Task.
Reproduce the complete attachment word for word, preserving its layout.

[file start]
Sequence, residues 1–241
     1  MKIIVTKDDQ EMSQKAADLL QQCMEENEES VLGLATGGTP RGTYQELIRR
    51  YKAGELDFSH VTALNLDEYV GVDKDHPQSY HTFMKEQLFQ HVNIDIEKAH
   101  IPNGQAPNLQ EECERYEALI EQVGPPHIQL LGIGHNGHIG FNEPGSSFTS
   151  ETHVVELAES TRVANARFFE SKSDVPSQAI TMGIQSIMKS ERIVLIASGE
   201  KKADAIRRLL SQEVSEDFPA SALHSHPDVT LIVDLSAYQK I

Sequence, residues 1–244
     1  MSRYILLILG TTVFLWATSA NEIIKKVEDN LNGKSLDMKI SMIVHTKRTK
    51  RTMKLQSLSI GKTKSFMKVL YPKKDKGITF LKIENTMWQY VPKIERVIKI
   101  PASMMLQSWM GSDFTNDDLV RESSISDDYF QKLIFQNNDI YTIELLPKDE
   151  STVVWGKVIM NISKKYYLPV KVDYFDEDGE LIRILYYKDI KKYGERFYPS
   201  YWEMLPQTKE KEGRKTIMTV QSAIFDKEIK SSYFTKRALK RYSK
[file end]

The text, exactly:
Sequence, residues 1–241
     1  MKIIVTKDDQ EMSQKAADLL QQCMEENEES VLGLATGGTP RGTYQELIRR
    51  YKAGELDFSH VTALNLDEYV GVDKDHPQSY HTFMKEQLFQ HVNIDIEKAH
   101  IPNGQAPNLQ EECERYEALI EQVGPPHIQL LGIGHNGHIG FNEPGSSFTS
   151  ETHVVELAES TRVANARFFE SKSDVPSQAI TMGIQSIMKS ERIVLIASGE
   201  KKADAIRRLL SQEVSEDFPA SALHSHPDVT LIVDLSAYQK I

Sequence, residues 1–244
     1  MSRYILLILG TTVFLWATSA NEIIKKVEDN LNGKSLDMKI SMIVHTKRTK
    51  RTMKLQSLSI GKTKSFMKVL YPKKDKGITF LKIENTMWQY VPKIERVIKI
   101  PASMMLQSWM GSDFTNDDLV RESSISDDYF QKLIFQNNDI YTIELLPKDE
   151  STVVWGKVIM NISKKYYLPV KVDYFDEDGE LIRILYYKDI KKYGERFYPS
   201  YWEMLPQTKE KEGRKTIMTV QSAIFDKEIK SSYFTKRALK RYSK